In my view, what keeps vintage world music from mainstream appeal is often a surfeit of dry, didactic details about the performers and context, which turns musical energy into an academic exercise. The burden of historical accuracy ends up smothering what is ultimately instinctive and emotional. Equally, beyond throwing around words like “beautiful”, “hypnotic” etc, the compiler’s passion is more asserted than articulated. A scathing review of Beyond Rembetika by Tony Klein, long-time expert on Greek music, takes Mr. King to task for his novice’s enthusiasm, alleging multiple errors and fuzzy language.

The JSP approach goes too far the other way, like a vendor in a flea market– “Now listen here. Four CDs for the price of one. Lovely old music, very rustic and alluring. Very rare recordings. Only a few left. Don’t delay, my son”. The unsuspecting customer, feeling this is something they “should” know more about, puts down his money. But back at home, some of the sounds are indeed arresting, but the experience is incoherent, many pieces sound the same, and it’s simply too much effort to make sense of. The set gathers dust or goes on eBay.

Was Chris King desperate to reissue all his finds in one splurge, but only JSP would touch it? Did John Stedman think this was going to be a big seller? Did Wal-Mart drive a hard bargain? I see huge potential to popularize vintage world music in a contemporary setting, but that’s not the same as flogging it off the back of a lorry.

VerdictSlovenia USA scored a depressingly low 1.56 across the three CDs (90th percentile). No stand-out tracks. Beyond Rembetika ranges as high at the 4th percentile (CD A) at 2.37 down to the 20th percentile (CD D) at 2.02. The fact that scores ran in order from A-D suggests the weariness of both the compilers and the scorer. In my opinion, the best tracks are Track 4 (The Asimouli – Anastasios Halkias) and Track 19 (N’anastenakso Den Makous – Stilianos Bellos) on the first CD.

Both sets are available from JSP Records.

4. Mortika- Recordings from a Greek Underworld

Lost in the Underworld? This double-set on vinyl (Mississippi/Canary Records, 2009) is very alluring. When I first saw it, on a high shelf in a Manhattan record store, it was hard not to buy- stark, enigmatic black-and-white cover and the “underworld” theme conjuring taut, raw, passionate music . I convinced myself money was too tight to buy yet another record, but it was only a matter of time.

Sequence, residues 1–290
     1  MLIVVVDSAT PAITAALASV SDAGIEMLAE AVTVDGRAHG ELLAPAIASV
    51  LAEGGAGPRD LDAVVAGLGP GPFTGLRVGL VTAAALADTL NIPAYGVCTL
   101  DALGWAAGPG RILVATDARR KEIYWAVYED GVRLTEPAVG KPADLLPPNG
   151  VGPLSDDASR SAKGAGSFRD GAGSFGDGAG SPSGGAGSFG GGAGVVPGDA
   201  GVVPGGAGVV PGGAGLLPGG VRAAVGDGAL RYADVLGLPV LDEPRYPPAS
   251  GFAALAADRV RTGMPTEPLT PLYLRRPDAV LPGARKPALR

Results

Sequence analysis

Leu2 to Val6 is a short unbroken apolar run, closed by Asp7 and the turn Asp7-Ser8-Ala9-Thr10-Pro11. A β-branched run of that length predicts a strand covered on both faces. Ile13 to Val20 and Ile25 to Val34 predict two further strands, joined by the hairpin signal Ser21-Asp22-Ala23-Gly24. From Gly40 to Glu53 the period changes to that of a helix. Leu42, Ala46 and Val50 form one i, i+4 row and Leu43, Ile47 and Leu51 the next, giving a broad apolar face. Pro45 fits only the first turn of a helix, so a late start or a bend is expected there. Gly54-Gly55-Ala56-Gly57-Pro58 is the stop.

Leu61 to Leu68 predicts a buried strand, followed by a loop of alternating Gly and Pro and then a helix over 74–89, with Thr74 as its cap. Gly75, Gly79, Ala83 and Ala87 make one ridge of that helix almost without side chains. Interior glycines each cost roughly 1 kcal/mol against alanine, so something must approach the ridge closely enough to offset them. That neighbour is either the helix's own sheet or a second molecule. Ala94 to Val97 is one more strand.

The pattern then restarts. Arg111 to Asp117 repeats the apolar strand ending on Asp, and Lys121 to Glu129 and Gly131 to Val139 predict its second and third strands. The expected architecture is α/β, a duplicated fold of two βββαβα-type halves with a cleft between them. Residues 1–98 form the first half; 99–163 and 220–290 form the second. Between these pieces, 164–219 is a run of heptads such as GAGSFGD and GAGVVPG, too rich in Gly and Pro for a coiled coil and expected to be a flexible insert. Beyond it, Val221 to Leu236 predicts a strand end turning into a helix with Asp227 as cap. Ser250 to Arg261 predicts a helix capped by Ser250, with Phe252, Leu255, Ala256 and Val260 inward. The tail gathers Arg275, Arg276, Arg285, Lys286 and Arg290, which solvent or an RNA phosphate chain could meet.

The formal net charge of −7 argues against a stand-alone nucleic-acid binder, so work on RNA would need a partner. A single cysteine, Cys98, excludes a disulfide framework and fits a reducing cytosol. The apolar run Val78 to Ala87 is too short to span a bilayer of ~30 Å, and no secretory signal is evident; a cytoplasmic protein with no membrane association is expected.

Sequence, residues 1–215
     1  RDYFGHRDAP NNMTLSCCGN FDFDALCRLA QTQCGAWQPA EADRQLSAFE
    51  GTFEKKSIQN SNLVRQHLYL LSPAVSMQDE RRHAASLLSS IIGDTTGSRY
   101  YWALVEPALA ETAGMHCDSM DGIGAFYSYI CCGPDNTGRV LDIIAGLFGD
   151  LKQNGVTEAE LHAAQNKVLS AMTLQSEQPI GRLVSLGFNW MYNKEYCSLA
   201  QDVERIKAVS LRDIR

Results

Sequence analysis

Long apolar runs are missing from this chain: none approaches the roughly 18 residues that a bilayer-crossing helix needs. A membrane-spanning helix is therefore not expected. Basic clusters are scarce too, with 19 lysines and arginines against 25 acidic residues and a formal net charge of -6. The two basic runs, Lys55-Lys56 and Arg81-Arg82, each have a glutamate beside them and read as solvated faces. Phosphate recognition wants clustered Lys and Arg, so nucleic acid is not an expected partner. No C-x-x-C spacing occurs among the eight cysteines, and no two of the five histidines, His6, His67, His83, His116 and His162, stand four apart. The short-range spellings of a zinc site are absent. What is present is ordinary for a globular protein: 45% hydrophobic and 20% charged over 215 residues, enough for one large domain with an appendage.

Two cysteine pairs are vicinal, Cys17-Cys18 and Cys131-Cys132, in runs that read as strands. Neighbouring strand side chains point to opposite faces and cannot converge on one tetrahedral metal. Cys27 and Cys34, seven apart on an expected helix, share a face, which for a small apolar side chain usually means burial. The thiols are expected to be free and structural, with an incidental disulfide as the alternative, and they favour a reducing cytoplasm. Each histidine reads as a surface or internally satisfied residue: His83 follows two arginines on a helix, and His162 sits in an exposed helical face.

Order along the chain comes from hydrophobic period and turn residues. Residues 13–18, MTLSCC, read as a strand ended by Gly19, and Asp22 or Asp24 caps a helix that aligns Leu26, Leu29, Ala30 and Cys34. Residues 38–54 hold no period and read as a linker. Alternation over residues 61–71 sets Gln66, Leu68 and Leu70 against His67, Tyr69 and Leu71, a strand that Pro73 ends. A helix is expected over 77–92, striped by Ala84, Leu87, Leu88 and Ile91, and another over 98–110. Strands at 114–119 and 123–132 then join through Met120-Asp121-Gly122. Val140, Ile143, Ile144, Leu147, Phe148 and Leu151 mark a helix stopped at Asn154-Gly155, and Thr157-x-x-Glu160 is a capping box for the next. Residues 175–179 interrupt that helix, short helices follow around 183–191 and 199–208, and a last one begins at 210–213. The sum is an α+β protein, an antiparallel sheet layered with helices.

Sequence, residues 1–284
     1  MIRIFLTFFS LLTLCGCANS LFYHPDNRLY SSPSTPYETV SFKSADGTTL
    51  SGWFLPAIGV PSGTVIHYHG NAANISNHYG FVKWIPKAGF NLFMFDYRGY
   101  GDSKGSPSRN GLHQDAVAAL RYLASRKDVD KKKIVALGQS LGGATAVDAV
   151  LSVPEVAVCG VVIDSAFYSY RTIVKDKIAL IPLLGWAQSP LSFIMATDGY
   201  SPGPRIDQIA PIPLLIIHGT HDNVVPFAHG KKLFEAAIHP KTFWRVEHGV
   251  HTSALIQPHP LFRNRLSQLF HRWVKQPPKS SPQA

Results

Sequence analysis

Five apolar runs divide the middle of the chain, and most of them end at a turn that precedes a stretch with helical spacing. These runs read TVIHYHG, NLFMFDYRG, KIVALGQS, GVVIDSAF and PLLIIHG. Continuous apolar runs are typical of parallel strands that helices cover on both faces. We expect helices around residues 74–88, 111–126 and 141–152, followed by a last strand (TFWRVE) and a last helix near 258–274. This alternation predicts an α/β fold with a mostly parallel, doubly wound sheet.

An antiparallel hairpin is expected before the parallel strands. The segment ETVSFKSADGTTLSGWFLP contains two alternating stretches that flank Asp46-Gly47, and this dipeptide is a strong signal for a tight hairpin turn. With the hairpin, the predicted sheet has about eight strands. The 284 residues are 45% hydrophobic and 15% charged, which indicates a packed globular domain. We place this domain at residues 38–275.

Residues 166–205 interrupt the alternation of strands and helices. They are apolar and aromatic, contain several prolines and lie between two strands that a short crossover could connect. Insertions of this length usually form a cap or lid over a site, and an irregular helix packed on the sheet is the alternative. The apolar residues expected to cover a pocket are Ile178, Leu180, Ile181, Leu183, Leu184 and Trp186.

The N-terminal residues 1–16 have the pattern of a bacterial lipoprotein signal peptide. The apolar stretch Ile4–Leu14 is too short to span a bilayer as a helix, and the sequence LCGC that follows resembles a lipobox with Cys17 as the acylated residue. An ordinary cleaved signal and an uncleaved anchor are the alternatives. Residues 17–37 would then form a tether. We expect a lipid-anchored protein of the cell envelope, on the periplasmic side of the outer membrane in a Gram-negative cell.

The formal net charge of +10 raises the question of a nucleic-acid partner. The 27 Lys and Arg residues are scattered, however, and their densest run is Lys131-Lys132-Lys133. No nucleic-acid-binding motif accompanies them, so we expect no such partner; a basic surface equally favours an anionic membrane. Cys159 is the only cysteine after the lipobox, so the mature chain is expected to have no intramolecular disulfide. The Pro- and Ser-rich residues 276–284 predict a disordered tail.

Old music from Greece can be very stirring, balanced precariously between Europe and the Orient, but imagination and reality are often far apart. There are numerous CD reissues of old Greek music, usually termed Rembetica, all in a sweat about the drugs and violence said to have surrounded these styles. The imagery is dark and brooding, words such as “classic” and “masterpiece” are thrown around, and there are long treaties on bouzoukis and harp guitars.

My problem is that by definition not all old recordings can be classics and masterpieces. Compilations are put out by enthusiasts who are torn between appeals to a popular audience and the technical details beloved by the specialist. The line between quality and rarity starts to blur. Old world music reissues generally lack the discipline of the popular audience. They quickly default to purity and representation rather than a more objective assessment for the contemporary listener. Hence the popular audience pays no attention. I listen to Rita Abadzi for the same reason I listen to Pink Floyd and Beyonce.

For me, Mortika falls very much on the allusions/technical/random collection of tracks for insiders side of the ledger, with almost no pieces coming close to crossing the chasm to the modern world. Give me Zmirneikos Balos by Marika Papgika on “Greek Oriental Songs and Dances” on Folklyric Records or Prepei na Skeptetai Kaneis by Rita Abadzi from The Secret Museum of Mankind, Volume 2 on Yazoo. Don’t misunderstand me- the Mortika approach works for insiders and specialists, and there’s nothing wrong with a niche market, but I’m convinced there’s much more potential.

Verdict: 1.62. This is the bottom 15%. The best track is The Dervish by Marika Papagika. Mortika appears to still be available, such as on Discogs.